Mass. Center for Civic Education promotes engaged citizenship among students

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Article Author: Mary McCleary
Publication Name: New Boston Post
Article Date: July 15, 2016
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When history teacher Roger Desrosiers received a postcard from the Center for Civic Education in 1987 offering free classroom materials for the U.S. Constitution’s bicentennial, little did he know that the organization would become his life’s work. After decades of promoting the study of American history and civics, Desrosiers is now President of the Massachusetts branch of the non-profit, non-partisan foundation. The CCE operates the nationwide We the People and Project Citizen programs that promote civic participation. Their mission is to form responsible citizens who are educated in the principles of democracy.

Desrosiers emphasizes that students need to learn about the American form of government to acquire the skills that will enable them to actively contribute to society. He feels they need to understand the Founders’ vision for our political system so they can determine their own views on how the principles should be applied. “To understand democracy, students need to learn about our system of government through its historical, experiential, and philosophical underpinnings, and bring that knowledge to the present.”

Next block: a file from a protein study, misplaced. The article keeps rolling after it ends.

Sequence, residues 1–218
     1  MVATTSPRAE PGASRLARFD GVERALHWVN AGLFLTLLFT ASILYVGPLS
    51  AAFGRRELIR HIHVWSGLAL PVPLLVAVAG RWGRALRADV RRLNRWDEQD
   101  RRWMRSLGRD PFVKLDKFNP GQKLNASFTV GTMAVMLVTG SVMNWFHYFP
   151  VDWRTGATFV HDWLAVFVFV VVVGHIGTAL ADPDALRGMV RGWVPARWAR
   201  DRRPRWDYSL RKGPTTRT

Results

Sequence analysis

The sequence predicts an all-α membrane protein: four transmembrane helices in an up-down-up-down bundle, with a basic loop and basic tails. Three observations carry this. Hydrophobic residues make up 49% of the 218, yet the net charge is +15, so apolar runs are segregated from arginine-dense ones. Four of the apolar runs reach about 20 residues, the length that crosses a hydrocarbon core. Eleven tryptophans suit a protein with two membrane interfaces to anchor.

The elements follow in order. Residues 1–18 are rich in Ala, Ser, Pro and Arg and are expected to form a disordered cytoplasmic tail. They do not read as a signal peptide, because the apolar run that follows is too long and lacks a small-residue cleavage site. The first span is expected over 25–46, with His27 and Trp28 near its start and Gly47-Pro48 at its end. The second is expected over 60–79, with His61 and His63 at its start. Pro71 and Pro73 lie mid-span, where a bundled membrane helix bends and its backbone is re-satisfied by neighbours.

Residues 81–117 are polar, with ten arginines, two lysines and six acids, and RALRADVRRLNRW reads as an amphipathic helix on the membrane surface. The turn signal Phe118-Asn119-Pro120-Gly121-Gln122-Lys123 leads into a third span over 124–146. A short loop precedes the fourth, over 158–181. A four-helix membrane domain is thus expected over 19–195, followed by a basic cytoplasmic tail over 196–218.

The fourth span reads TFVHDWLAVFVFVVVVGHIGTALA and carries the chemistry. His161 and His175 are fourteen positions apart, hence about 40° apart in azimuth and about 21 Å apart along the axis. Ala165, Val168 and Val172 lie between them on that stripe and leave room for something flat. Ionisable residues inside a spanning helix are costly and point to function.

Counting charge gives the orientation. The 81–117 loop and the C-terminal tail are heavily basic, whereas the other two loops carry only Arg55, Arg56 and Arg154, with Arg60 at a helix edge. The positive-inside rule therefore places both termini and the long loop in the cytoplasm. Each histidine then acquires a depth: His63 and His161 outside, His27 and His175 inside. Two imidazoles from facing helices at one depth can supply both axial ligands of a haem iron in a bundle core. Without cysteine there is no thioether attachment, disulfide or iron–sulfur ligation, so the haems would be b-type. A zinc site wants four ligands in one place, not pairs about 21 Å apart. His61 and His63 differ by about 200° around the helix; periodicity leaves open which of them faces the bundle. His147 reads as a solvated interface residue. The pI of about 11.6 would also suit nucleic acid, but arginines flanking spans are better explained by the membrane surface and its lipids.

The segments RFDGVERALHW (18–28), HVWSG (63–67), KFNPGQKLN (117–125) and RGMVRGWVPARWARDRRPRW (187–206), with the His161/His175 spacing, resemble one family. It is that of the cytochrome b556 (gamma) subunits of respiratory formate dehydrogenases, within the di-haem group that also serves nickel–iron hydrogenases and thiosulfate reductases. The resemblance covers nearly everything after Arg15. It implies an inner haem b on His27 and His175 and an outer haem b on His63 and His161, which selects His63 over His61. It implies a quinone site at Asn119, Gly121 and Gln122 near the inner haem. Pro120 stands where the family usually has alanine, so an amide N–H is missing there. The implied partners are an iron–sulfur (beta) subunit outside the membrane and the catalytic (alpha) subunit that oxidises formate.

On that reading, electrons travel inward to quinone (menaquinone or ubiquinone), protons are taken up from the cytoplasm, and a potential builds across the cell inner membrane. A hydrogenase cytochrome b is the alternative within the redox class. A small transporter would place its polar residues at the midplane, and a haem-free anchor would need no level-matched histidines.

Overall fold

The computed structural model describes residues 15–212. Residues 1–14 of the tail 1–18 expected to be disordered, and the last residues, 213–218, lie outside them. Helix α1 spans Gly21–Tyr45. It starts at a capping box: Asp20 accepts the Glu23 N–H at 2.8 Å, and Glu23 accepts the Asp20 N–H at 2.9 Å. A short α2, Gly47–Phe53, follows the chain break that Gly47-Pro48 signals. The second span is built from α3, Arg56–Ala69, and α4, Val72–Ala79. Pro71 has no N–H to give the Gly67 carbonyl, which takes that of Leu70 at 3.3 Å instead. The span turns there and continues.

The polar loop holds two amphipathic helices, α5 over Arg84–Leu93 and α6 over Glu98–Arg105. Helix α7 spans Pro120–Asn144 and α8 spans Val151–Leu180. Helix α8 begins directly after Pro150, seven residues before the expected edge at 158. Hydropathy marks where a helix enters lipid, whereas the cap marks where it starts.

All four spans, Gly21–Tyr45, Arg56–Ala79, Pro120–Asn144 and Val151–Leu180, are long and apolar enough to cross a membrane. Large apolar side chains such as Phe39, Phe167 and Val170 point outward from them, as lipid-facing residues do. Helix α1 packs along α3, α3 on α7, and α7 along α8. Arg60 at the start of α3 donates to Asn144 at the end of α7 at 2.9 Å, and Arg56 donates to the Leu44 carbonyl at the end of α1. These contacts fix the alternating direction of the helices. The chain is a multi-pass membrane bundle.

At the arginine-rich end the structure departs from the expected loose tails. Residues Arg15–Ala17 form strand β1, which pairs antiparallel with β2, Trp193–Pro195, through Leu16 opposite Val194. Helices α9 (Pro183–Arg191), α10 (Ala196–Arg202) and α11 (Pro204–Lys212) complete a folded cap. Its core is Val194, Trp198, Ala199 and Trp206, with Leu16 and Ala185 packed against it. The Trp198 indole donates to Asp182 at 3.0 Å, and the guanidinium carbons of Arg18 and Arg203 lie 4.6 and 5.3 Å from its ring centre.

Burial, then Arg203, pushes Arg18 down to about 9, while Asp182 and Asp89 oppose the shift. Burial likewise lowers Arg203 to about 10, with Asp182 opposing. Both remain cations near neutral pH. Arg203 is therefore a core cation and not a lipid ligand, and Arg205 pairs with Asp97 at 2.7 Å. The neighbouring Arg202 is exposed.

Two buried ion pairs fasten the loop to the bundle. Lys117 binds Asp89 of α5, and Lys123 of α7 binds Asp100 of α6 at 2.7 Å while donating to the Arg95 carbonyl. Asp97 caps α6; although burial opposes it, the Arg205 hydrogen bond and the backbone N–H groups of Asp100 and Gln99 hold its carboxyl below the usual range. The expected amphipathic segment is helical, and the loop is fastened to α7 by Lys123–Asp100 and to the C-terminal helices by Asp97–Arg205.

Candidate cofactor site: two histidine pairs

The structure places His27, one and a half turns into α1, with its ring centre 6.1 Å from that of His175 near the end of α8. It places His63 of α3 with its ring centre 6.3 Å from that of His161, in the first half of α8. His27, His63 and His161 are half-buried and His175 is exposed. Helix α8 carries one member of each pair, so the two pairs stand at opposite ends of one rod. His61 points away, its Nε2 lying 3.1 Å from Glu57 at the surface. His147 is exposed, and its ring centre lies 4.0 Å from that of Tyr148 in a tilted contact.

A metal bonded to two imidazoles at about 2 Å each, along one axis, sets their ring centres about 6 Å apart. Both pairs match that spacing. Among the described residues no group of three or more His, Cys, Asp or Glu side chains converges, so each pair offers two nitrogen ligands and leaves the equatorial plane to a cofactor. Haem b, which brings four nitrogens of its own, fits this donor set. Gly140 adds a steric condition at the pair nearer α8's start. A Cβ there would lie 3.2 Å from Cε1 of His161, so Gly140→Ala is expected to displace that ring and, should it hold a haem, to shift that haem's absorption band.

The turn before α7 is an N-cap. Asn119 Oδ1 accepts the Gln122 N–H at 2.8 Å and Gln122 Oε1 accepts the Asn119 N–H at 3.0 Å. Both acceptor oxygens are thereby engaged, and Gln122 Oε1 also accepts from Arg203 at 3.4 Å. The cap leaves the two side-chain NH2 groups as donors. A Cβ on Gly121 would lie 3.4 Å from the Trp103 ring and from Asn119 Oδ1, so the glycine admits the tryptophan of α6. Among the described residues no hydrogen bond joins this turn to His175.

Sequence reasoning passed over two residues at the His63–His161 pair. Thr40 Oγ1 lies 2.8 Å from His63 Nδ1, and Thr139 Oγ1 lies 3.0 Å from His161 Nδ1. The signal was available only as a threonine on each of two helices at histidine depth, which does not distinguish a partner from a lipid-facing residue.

To achieve that end, the MA Center for Civic Education promotes civic learning and engagement in the curriculum of primary schools through higher education, and also throughout the community. Their aim is to help people understand and navigate local, state, and national government.

Desrosiers explains that the CCE began in 1987 when it launched the We the People competition. It was funded by the National Bicentennial Commission for the U.S. Constitution, chaired by former Chief Justice Warren Burger. Since the project was launched, it has been used in over 200 Massachusetts schools.

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